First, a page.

It's been one year since Ladies Got Sued
On this day last year, we were on the brink of bankruptcy. We'd been sued by a group of men's rights activists (don't laugh), and had spent almost all of our money on legal fees. Because we weren't allowed to talk about it, we spent more of the year seeming fine on the outside, while having internal meltdowns almost daily. It got so bad, I had to be prescribed anti-anxiety medication.
We realized that in order to stay in business, we needed to launch a crowdfunding campaign (shoutout to iFundWomen!). Asking our members for money like this was one of the most terrifying things we've done. Pretty ironic, considering we're all about ladies getting paid...
In addition to the fear of not making our goal, I was worried that by asking for money, I was bothering people, or that I was asking them for a favor. I was concerned they would judge me. And the possibility of a public failure was real.
As Ashley can attest, when we sent out that first email about the campaign, I almost passed out. I laid on the floor and prayed that our community would be open to supporting us.
My prayer was answered: in less than three weeks, we raised over $116,000 from more than 2,000 people. (And if you were one of them, THANK YOU.)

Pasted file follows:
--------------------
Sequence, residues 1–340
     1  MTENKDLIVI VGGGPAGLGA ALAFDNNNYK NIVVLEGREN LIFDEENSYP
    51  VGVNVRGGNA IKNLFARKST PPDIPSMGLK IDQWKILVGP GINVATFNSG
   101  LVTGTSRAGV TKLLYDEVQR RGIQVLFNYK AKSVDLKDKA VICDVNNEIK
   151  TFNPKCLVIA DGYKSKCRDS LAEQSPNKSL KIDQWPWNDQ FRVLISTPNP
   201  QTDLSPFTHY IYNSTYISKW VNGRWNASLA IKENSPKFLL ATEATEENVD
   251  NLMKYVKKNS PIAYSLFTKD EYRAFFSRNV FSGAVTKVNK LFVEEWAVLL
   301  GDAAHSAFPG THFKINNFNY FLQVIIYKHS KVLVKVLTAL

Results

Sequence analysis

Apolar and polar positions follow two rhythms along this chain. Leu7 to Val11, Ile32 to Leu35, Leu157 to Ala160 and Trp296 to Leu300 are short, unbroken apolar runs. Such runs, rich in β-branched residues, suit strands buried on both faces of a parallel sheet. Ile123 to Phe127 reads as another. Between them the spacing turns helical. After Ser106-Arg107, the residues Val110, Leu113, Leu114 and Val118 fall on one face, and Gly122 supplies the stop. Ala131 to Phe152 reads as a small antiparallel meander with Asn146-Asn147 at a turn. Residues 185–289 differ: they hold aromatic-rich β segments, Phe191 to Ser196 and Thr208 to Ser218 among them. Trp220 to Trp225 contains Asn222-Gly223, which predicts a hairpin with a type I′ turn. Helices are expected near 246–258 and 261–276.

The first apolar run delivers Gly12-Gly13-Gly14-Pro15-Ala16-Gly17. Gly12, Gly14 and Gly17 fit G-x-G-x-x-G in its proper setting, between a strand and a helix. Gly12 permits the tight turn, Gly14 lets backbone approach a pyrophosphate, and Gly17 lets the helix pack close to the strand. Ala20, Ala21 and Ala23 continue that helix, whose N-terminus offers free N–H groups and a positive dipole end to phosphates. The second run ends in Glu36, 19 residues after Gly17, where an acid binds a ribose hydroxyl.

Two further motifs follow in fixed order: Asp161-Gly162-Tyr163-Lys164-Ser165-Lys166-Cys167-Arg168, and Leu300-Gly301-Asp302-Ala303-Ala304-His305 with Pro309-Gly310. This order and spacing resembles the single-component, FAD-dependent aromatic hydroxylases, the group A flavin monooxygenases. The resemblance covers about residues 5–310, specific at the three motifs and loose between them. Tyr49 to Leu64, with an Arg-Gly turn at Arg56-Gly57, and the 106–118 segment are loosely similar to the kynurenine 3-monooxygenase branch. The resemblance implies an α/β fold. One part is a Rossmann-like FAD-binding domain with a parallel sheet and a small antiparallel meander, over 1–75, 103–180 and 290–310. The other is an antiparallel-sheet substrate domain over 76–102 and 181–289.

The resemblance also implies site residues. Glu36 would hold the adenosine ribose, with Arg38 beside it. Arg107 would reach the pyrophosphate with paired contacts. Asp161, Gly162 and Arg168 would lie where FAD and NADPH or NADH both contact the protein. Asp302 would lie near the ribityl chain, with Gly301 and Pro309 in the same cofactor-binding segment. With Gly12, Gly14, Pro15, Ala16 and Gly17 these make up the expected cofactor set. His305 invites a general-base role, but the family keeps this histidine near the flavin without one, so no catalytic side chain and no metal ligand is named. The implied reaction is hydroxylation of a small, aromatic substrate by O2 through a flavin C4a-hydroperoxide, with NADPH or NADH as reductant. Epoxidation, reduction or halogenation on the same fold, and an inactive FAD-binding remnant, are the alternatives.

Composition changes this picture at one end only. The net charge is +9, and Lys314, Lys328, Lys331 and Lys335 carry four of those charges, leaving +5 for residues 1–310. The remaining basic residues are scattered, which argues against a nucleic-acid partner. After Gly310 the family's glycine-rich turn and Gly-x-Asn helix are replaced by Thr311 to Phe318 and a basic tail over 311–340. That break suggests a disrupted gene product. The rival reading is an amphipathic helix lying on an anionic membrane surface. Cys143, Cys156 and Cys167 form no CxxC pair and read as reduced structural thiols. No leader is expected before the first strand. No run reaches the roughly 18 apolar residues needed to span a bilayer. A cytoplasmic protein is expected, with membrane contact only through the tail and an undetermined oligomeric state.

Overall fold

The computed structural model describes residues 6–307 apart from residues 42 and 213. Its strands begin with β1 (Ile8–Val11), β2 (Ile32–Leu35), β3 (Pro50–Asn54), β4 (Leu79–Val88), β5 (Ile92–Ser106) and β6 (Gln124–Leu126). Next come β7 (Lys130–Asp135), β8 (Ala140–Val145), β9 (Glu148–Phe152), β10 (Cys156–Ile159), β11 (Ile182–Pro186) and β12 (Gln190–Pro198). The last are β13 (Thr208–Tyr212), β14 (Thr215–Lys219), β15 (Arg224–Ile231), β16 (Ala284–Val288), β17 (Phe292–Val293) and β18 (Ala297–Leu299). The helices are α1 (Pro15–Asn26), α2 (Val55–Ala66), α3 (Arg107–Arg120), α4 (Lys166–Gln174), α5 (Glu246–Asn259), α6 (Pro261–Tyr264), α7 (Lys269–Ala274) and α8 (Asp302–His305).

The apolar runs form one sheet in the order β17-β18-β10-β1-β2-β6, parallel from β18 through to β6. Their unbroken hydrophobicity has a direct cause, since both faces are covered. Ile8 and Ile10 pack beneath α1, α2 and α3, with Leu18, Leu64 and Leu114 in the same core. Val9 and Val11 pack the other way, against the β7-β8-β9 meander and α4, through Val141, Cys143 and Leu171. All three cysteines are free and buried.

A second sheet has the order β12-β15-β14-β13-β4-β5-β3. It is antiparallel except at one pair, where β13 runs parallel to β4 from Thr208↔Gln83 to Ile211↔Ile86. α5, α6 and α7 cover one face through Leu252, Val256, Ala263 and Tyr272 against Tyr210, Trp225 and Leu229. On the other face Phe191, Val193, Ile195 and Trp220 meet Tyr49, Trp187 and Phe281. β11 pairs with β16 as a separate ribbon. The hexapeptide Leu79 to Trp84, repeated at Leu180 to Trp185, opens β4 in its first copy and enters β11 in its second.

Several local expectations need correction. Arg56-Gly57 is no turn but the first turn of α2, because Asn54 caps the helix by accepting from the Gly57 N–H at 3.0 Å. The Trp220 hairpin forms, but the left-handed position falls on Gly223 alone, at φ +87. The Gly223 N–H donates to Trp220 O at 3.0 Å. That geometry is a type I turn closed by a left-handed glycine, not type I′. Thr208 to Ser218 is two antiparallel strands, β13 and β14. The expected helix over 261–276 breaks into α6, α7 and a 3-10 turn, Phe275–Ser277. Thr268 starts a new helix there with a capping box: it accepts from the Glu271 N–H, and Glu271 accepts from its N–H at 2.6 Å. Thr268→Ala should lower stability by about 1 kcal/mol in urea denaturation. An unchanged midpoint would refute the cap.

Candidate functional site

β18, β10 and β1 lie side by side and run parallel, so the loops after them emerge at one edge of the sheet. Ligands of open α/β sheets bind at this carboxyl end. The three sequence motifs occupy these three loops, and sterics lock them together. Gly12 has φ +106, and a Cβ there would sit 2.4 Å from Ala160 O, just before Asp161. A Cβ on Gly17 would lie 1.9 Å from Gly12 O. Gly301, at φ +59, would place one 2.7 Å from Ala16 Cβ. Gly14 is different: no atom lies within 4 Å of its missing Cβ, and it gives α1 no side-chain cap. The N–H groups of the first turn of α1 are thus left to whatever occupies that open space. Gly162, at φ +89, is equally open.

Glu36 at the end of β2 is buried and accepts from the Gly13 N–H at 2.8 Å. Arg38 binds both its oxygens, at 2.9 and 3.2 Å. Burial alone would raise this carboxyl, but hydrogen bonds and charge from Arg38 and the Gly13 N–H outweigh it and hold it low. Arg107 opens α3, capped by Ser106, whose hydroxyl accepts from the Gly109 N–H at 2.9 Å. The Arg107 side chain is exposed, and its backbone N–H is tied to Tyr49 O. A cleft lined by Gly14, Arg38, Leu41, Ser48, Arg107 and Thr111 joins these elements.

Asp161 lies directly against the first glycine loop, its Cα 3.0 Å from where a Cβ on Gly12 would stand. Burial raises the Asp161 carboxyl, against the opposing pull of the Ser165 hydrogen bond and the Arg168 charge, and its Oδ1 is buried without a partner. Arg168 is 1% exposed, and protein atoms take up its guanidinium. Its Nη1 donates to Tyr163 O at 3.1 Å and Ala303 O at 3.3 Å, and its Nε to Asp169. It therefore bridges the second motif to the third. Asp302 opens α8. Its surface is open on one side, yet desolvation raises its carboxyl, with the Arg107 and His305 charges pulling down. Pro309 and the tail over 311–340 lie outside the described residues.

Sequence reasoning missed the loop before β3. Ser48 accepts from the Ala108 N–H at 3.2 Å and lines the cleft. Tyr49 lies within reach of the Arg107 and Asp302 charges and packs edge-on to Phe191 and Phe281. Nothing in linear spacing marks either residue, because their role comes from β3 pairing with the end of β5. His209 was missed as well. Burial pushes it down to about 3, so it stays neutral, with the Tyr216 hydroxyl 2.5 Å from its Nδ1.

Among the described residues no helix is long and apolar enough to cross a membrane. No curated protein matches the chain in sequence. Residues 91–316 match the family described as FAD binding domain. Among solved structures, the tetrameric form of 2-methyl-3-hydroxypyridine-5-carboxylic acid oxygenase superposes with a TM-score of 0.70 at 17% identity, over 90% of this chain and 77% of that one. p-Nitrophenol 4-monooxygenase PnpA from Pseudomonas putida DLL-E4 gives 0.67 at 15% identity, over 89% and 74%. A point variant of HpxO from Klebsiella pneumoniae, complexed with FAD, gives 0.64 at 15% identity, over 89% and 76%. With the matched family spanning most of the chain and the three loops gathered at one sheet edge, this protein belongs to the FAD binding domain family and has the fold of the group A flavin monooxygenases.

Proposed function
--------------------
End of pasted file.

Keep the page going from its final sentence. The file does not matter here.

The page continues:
Despite overwhelming evidence, I still carry that fear of failure. Every time we launch something new, I wonder, will people support us? When we host an event, will they come? And no matter how many times I do it, it still feels uncomfortable to ask for money.
For anyone who also grapples with this, here's my challenge to you: how much is your discomfort worth? How much money are you willing to lose because of your silence? If not asking or talking about money will lose you say, $20,000, will you stay quiet?
In our case, we didn't just raise the funds to cover the lawsuit, we used it as an opportunity for gain exposure, increase our membership, and connect with brands who are dedicated to celebrating women. We were served lemons, but we made lemonade. We couldn't let ourselves be passive in response to this shitstorm, so we challenged ourselves to find a way to leverage it for our benefit. And yes, that meant asking for money.
And besides, we couldn't let those fuckers win.